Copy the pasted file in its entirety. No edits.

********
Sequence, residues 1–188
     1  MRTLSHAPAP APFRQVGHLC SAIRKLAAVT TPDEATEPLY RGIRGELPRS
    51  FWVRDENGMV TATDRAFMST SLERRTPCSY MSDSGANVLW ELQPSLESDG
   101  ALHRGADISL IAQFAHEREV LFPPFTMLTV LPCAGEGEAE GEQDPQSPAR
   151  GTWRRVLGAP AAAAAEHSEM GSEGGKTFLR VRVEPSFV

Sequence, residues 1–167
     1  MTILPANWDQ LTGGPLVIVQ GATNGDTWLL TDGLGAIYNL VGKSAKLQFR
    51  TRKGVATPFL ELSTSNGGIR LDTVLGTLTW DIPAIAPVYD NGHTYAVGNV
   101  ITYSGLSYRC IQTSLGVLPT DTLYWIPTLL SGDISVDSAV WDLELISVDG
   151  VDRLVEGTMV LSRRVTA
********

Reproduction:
Sequence, residues 1–188
     1  MRTLSHAPAP APFRQVGHLC SAIRKLAAVT TPDEATEPLY RGIRGELPRS
    51  FWVRDENGMV TATDRAFMST SLERRTPCSY MSDSGANVLW ELQPSLESDG
   101  ALHRGADISL IAQFAHEREV LFPPFTMLTV LPCAGEGEAE GEQDPQSPAR
   151  GTWRRVLGAP AAAAAEHSEM GSEGGKTFLR VRVEPSFV

Sequence, residues 1–167
     1  MTILPANWDQ LTGGPLVIVQ GATNGDTWLL TDGLGAIYNL VGKSAKLQFR
    51  TRKGVATPFL ELSTSNGGIR LDTVLGTLTW DIPAIAPVYD NGHTYAVGNV
   101  ITYSGLSYRC IQTSLGVLPT DTLYWIPTLL SGDISVDSAV WDLELISVDG
   151  VDRLVEGTMV LSRRVTA